I just came across two old Disney clips appropriate for carectomy patients. The first, Magic Highway USA (video below), is a 1958 television episode that looks toward the future of American transportation. Once you dig past the kitschy sci-fi aspects, this auto-pian vision terrifyingly reveals the values which have led us to our current predicament.
If New Yorkers are already paying $10 for a dirty martini and over $1000 a month for a cramped studio apartment, what’s a few more dollars for a MetroCard? At least, that seems to be the attitude of the Metropolitan Transit Authority (MTA) in the face of mass protests and petitions by straphangers to stop an impending fare hike that finally passed early this week.
Ok, well perhaps not “wild.” The Copenhagen Cycle Chic blogsite is a celebration of women astride their trusty steeds. The site’s tagline: Bike advocacy in high heels, from the world’s cycling capital. The content ranges from cycling information with fashion style to poetry.
What’s unique about Erick and Rachel Cave’s decision to dump their car is that it was born of simple economics. The couple was sick and tired of dumping endless money into their aging Volvo for repairs, insurance, and fuel. They hadn’t ridden on bikes in about 20 years and they lived in southern California – a place more reliant on cars than perhaps anywhere in the country. Nevertheless, they bought some simple, practical bicycles for themselves, an attachable trailer bike for their daughter, and a cargo trailer.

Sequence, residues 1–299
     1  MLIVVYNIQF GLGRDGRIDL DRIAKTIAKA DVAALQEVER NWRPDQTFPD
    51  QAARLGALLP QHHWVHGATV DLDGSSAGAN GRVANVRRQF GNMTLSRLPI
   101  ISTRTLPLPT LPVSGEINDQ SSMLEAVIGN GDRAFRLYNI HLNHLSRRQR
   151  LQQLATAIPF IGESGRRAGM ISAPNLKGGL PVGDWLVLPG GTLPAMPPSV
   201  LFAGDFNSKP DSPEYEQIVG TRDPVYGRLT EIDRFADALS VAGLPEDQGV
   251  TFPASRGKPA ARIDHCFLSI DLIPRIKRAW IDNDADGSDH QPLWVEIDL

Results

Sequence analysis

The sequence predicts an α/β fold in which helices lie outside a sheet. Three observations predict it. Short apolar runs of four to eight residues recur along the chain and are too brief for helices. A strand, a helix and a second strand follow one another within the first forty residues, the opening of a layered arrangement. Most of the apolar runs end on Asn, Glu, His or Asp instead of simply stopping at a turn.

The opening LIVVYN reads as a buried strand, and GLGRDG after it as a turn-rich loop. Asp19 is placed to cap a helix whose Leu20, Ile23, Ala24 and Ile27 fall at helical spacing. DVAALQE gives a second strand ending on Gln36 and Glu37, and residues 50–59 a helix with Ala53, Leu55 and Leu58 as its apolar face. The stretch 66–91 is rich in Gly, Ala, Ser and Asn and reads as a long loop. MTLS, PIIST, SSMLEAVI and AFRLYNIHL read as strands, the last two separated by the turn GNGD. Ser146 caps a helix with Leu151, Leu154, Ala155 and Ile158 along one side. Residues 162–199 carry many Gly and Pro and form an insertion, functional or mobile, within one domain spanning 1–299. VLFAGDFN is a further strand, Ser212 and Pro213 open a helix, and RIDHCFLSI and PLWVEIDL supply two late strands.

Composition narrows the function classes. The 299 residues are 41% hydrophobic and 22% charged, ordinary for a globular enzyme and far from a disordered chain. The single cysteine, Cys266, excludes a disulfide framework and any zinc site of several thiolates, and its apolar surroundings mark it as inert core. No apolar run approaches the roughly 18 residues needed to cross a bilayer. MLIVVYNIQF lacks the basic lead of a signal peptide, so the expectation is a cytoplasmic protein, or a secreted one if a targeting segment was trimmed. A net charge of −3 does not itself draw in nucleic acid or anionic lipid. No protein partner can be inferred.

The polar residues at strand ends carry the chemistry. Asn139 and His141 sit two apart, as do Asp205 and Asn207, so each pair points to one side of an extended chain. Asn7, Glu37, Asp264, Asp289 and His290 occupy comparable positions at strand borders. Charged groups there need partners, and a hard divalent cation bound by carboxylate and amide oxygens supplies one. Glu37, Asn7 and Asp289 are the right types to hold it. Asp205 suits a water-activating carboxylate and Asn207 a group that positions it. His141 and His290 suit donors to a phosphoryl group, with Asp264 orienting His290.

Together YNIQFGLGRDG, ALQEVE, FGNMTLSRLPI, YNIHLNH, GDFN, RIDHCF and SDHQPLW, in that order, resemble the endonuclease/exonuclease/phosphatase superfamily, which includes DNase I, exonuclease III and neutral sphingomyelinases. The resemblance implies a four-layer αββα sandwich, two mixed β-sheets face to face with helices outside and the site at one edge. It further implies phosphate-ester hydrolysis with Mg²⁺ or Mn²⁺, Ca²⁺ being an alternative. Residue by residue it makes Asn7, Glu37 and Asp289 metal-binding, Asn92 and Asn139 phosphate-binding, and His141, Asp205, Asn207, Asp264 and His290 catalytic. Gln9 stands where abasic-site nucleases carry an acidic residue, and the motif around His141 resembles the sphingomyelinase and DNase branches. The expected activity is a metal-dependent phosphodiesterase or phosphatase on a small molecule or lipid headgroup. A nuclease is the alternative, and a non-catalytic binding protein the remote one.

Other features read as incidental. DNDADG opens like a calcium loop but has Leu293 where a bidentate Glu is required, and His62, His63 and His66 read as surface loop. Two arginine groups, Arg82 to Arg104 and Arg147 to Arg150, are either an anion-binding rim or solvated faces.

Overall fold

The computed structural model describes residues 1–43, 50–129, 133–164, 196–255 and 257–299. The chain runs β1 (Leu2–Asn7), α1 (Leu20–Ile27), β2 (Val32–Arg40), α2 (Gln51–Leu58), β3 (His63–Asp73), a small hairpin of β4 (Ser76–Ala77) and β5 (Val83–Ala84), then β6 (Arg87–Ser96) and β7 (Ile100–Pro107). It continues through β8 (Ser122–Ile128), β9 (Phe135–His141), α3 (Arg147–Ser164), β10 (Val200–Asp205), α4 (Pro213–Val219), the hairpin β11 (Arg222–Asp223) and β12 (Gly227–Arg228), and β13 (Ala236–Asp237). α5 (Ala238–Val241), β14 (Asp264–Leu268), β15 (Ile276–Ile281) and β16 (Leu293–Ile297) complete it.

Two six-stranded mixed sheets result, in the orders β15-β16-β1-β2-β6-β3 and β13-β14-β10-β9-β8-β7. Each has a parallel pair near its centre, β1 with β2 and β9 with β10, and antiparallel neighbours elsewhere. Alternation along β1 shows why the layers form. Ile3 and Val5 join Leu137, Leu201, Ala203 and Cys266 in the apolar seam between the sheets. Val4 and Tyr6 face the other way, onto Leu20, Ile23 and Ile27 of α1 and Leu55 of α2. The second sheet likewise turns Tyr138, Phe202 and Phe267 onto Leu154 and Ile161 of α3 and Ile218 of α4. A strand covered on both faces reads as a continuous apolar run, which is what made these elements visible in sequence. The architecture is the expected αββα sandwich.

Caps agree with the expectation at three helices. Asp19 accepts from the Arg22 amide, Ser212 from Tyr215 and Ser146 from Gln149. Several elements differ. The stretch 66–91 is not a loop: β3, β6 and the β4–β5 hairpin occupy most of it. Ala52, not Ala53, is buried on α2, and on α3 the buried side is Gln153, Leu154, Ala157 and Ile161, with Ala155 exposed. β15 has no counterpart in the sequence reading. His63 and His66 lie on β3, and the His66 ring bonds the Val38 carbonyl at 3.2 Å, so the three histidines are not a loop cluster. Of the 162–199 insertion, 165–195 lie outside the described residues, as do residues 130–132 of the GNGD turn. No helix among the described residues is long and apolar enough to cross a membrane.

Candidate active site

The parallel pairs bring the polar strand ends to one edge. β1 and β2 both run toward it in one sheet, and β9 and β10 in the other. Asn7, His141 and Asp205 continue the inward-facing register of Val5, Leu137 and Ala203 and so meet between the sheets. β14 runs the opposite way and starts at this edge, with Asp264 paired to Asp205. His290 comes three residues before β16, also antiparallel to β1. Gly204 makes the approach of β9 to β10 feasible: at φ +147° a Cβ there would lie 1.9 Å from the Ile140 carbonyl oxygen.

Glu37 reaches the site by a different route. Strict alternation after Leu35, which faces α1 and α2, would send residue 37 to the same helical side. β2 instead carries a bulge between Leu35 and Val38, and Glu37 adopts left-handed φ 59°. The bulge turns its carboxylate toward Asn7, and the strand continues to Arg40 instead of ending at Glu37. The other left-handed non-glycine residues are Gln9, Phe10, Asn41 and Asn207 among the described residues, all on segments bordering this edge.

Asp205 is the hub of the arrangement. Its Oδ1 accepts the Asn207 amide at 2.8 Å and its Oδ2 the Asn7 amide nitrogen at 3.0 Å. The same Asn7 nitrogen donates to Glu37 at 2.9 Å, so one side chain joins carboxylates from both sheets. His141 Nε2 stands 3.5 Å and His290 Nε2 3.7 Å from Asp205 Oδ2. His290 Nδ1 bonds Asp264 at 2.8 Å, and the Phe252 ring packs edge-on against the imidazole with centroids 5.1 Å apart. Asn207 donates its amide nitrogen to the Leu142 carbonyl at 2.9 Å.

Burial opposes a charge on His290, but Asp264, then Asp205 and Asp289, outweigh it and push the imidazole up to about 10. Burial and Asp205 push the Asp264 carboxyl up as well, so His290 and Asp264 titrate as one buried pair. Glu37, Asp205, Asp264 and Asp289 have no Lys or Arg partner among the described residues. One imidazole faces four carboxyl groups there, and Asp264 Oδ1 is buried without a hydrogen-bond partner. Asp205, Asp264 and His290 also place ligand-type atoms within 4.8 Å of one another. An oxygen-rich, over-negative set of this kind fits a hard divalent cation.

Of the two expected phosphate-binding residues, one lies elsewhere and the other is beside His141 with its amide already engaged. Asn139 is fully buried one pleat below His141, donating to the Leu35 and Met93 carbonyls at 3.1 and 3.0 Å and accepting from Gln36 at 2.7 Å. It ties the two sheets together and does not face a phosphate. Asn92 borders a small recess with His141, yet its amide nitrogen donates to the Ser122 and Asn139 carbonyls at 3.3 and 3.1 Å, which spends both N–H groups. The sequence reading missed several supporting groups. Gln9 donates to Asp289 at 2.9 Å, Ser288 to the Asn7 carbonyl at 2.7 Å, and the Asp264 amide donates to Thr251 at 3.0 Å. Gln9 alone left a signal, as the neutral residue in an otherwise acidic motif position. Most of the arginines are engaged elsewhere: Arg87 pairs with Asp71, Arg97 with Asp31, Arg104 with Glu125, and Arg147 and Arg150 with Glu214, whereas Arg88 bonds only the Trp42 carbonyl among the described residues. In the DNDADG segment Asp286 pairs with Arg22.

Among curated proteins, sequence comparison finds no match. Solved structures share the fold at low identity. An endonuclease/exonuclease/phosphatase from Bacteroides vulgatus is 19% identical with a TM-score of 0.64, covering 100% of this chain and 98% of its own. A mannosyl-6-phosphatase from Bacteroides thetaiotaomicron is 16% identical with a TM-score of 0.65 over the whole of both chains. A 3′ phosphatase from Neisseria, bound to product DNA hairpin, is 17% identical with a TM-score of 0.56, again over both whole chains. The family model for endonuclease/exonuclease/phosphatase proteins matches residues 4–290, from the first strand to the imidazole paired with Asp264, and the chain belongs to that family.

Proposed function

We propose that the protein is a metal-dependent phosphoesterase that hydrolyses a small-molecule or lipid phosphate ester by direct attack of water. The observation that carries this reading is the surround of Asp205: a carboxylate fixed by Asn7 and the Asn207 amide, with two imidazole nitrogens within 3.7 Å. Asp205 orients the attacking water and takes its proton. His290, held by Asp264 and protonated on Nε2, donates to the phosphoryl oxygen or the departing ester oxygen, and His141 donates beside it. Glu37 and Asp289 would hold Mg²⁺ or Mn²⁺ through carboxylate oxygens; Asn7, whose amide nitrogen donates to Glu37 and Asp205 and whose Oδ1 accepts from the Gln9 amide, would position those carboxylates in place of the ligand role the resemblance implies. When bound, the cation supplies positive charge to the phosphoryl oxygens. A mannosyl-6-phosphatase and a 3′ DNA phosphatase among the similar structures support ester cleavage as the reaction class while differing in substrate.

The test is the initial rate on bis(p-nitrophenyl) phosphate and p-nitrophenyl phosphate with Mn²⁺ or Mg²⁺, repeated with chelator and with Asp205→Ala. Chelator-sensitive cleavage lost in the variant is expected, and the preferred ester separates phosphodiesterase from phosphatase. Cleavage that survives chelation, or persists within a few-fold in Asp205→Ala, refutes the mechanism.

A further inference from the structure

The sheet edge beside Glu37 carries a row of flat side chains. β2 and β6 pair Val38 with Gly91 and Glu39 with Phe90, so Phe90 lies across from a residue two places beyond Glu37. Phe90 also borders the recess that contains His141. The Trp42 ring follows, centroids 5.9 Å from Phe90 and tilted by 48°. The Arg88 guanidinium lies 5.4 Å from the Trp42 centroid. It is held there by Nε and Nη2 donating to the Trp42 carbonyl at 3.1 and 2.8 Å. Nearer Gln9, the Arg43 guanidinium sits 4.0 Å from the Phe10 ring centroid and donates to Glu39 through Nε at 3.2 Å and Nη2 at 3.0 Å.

Sustrans, a 30 year-old nonprofit in the U.K. that advocates sustainable transportation, last week won The People’s £50 Million Lottery Giveaway. The purpose of the Giveaway is to fund projects which positively benefit “health, the environment, education and charitable purposes to improve communities and the lives of people most in need.” Citizens vote on the project they deem most worthy of the grant. Sustrans’ Connect2 project emerged triumphant, defeating three other finalists.
While we prefer bike messengers—or even carrier pigeons—to couriers that rely on cars and trucks, U.P.S. looks like the lesser of car-powered, package-delivering evils. (Something to keep in mind when shipping gifts during this consumer-driven, holiday season.) A recent article by the New York Times Magazine applauds U.P.S. for taking steps to make the business more eco-friendly, namely by changing delivery routes and eliminating extraneous turns.
I love multi-tasking. I’m also drawn to the impractical but eye-catching – especially concerning bikes. Well, Philipp Drexler’s Bikefast fits that bill perfectly. It’s a to-go food tray that clamps onto your bicycle’s handlebars.
In the concrete jungle, off-road vehicles are obnoxious. But, deep in the wilderness, they’re even worse. So-called “sports motorists” (a terrible misnomer, if by “sport” they mean manhandling a gearshift) show their appreciation for nature by polluting brooks and streams, eroding soil, emitting toxic gases, and killing rare plant species—and probably live critters, too.